April is Autism Acceptance Month so as part of our Edgbaston for Everyone pledge we brought together ‘The Autistic Cricketer’ Haroon Irshad and Bears all-rounder Rob Yates to further raise awareness of the condition.

Haroon – who was diagnosed with autism at the age of two – opens the batting for Warwickshire’s Disability Access Team and captains a Sunday Second XI side for his local club Walmley.

He launched his online persona The Autistic Cricketer last year to showcase the Access Team’s progress and to encourage more people with autism to play cricket.

The 23-year-old sat down with Rob at the Club’s Indoor Centre to discuss the pressures of opening the batting and coping mechanisms they both employ.

Rob – the Vitality County Championship’s third top run scorer this season with 370 – then spent time passing on some batting tips during a nets session. 

“Autism affects me positively and negatively when I play cricket,” said Haroon, who was part of the Access Team that was crowned regional disability league champions last season.

“Positively, that I can think objectively as a captain and be hyper focused when batting. But the negatives are I can get very anxious when I bat. It stops me from being able to bat with a clear mind and play to my fullest potential. 

“Those nerves can be heightened through the lens of autism.

“Routine is really important to me – and it was interesting to learn how routine is also central to Rob’s match day preparation. I’ll always go to Tesco before a game, buy the same Meal Deal, same pre-match warm-up and same walk on routine. In fact, I tend to run on as though I’m emulating Joe Root!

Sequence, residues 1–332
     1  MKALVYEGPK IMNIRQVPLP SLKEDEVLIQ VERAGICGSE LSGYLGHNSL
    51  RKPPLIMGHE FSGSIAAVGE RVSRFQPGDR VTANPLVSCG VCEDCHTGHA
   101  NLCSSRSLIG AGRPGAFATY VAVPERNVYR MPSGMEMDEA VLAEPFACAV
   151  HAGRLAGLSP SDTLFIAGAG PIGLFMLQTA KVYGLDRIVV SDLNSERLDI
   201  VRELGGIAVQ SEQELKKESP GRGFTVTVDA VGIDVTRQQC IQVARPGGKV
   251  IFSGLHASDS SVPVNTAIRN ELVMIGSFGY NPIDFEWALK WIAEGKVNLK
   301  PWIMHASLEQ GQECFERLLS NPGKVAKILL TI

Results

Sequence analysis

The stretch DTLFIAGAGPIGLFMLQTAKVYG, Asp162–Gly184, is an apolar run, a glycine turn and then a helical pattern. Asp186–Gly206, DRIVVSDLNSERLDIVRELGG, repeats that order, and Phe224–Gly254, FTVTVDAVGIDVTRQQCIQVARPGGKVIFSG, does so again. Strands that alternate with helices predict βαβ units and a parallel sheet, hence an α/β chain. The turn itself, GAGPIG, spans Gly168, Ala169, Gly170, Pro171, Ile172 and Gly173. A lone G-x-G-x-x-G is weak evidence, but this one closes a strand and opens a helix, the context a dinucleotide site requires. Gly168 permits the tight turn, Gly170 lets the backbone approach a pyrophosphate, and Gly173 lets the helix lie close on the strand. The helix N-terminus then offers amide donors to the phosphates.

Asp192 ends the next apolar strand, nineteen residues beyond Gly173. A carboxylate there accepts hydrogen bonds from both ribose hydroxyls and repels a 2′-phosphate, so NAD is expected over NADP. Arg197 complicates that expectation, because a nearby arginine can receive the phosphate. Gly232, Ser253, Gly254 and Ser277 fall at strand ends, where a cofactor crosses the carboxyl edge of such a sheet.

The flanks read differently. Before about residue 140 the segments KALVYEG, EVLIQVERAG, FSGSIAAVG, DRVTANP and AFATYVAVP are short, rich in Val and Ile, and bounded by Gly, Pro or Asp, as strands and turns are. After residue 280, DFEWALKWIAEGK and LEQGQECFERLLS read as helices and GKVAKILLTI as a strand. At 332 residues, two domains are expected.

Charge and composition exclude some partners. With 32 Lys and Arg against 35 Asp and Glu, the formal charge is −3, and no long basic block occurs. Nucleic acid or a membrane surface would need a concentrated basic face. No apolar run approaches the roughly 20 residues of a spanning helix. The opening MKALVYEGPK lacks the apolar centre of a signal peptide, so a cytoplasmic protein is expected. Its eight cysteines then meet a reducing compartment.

“I know it’s important not to overthink it but that’s not always easy with autism.

“The Access Team is full of people with stories and struggles. We are in it together. The Access Team and Walmley are my families away from family.

“Being able to get advice from someone like Rob who admire as a cricketer and a person has really inspired me coming into the season. Some of the things he’s advised are already paying off.”

Picture of Warwickshire Access Team at the EOS Awards 2023

Warwickshire will defend its Super 9s regional disability title next year and has also, for the first time, entered a team into the national D40 Pursuit disability hard ball league.

The Access team trains every week at Edgbaston Cricket Centre and play home league games at Castle Bromwich Cricket Club.

Edgbaston was also the first cricket ground in the country to introduce Sensory Rooms designed for families with neurodiverse children. 

Both rooms are fitted out with colourful fibre optics, bubble tubes, rotating images, games and soft furnishings to provide a calming environment for families and children that need to get away from the hustle and bustle of a match day or event. 

The Sensory Rooms are helping make cricket accessible to families with neurodiverse children who might otherwise feel uncomfortable attending matches.

To find out more and get involved at edgbaston.com.

Over 13,000 sold for Women’s IT20 vs Pakistan

Pakistan Women will be in Birmingham on Saturday 11 May 2024 and over 13,000 tickets have already been sold.

With the Men’s IT20 already sold out, this is your last chance to see Pakistan at Edgbaston next summer and tickets are available from only £17, with under 16s £5.